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What new footage of the Uvalde shooting recording tells us about the police response


A video out of Uvalde, Texas, is graphic in a way, graphic in what it does not show. It shows police doing absolutely nothing.


It's security video from inside the school on the day of the mass shooting there. It shows every minute of police standing around while a gunman controlled a nearby classroom that was full of children. The Austin American-Statesman obtained the video.

INSKEEP: NPR's Adrian Florido has been watching that video. He's been covering the shooting in Uvalde for some time. Good morning.

ADRIAN FLORIDO, BYLINE: Good morning, Steve.

INSKEEP: What's the video show?

FLORIDO: Well, Steve, I think it's important to note what it doesn't show. What we don't see in this video is victims. This is mostly video from the security camera inside that school hallway, along with some video from outside the school. And so what we see is the gunman entering through a side door and then walking down that school hallway to a classroom door and shooting at it before disappearing inside. And at that point, we just hear gunfire coming from inside the classroom for several minutes.

The Austin American-Statesman, which obtained this video, edited out audio of children screaming before publishing it. We also see within about three minutes the first police officers arriving and approaching that classroom door, but then running to take cover as the gunman shoots through the door. And then really, Steve, the next hour or so, we just see more police officers showing up, pointing their guns toward the classroom, gathering equipment, walking back and forth for more than an hour before they finally do storm that classroom.

INSKEEP: And, of course, we've heard many times since then that normal police procedure would be to storm the classroom immediately. How does the video change your understanding of what happened or didn't happen?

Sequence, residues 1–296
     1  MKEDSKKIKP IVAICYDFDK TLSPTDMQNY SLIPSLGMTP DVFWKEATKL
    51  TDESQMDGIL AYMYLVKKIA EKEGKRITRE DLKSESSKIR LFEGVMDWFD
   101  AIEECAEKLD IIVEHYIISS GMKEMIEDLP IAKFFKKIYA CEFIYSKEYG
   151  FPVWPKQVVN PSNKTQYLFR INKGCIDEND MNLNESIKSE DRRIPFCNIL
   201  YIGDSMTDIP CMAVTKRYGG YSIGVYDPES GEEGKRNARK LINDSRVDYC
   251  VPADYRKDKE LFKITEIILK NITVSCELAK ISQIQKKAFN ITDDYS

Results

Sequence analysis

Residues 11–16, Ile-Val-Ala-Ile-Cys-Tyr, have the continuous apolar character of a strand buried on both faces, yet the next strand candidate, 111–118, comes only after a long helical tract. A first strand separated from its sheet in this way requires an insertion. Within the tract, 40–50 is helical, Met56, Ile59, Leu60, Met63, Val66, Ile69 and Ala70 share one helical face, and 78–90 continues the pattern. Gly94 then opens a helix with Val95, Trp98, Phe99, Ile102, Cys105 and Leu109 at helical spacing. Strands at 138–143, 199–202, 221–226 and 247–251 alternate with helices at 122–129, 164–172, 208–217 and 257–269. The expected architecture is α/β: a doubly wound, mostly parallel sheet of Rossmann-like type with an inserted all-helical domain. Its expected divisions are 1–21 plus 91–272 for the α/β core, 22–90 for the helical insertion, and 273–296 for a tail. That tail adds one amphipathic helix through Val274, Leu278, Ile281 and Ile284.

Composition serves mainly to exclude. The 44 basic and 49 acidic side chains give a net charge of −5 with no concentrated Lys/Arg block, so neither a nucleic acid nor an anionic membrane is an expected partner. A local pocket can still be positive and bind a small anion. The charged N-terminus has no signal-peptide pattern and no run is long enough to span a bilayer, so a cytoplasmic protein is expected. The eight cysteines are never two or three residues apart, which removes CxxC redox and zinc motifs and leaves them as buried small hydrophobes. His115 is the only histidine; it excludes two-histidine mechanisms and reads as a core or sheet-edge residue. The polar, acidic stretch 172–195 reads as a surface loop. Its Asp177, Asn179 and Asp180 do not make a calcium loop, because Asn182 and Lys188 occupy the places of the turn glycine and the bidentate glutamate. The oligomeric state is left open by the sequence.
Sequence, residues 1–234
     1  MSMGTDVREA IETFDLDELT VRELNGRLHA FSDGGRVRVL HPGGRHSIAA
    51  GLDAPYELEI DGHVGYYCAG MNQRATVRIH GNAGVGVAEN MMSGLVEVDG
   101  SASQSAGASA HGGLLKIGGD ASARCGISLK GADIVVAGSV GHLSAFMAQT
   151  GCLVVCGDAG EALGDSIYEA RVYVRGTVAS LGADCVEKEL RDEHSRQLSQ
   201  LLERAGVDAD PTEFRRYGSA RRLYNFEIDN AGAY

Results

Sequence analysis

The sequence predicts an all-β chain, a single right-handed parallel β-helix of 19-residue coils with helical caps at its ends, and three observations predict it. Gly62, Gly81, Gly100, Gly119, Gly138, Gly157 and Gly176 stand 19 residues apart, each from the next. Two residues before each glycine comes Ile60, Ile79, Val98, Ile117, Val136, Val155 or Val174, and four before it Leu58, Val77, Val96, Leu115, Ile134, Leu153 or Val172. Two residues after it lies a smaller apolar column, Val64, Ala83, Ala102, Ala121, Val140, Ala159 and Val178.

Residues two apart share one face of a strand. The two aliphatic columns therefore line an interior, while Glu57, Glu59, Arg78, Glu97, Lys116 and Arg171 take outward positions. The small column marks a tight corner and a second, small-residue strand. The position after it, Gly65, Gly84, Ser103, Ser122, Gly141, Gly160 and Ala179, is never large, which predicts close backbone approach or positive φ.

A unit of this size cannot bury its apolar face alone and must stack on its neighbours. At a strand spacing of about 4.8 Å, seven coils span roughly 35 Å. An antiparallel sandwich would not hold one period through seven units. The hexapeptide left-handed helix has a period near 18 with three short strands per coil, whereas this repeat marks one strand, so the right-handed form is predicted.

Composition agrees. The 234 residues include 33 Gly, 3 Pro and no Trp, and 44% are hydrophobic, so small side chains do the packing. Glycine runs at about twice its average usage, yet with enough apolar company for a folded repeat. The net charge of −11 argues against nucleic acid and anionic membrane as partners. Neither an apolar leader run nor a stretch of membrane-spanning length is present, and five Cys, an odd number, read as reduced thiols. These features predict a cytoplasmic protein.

FLORIDO: You know, there's no huge new revelations in this video because a lot of what we know happened had been reported before this video was released yesterday. But it is the first visual evidence we have of the bungled police response essentially in its entirety. And it's hard to watch because this delay goes on for so long while we know that there were children calling 911 inside that classroom, a teacher bleeding to death. Ultimately she did bleed to death. And as this video goes on, as these police officers check their phones, apply hand sanitizer, it really drives home how much more could have been done much sooner to kill the gunman and possibly save some of those victims.

INSKEEP: How are people in Uvalde responding?

FLORIDO: I'm hearing mixed reaction. Last night I spoke with a man who was standing on the side of the road carrying a sign that said in part that Uvalde police are cowards. This man had his face covered, and he asked me not to use his name because it's a small town, and he fears police retaliation. Here's what he said.

UNIDENTIFIED PERSON: Since the beginning of this, they've said they did everything they could. They were waiting for things. The stories just changed and changed. And the video today shows exactly what they didn't do, and that was protect those kids' lives.

FLORIDO: You know, this man, along with others I spoke with, have said this video is important because many people no longer trust police or public officials to tell them the truth about what happened that day. But other people here are upset by the video and specifically the fact that the video published showed the gunman shooting at the classroom door. Kimberly Rubio, whose daughter Lexi was killed, wrote on Facebook that the world saw in that video a person shooting at a door, but she saw and heard the man who was murdering her 10-year-old daughter.

INSKEEP: NPR's Adrian Florido in Uvalde, thanks so much.

FLORIDO: Thanks, Steve. Transcript provided by NPR, Copyright NPR.

Adrian Florido
Adrian Florido is a national correspondent for NPR covering race and identity in America.